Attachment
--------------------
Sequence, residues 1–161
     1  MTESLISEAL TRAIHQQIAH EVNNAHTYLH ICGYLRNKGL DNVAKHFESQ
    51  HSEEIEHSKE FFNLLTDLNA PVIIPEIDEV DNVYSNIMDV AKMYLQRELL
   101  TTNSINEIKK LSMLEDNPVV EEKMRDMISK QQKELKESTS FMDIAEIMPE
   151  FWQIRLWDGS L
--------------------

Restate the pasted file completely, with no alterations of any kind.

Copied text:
Sequence, residues 1–161
     1  MTESLISEAL TRAIHQQIAH EVNNAHTYLH ICGYLRNKGL DNVAKHFESQ
    51  HSEEIEHSKE FFNLLTDLNA PVIIPEIDEV DNVYSNIMDV AKMYLQRELL
   101  TTNSINEIKK LSMLEDNPVV EEKMRDMISK QQKELKESTS FMDIAEIMPE
   151  FWQIRLWDGS L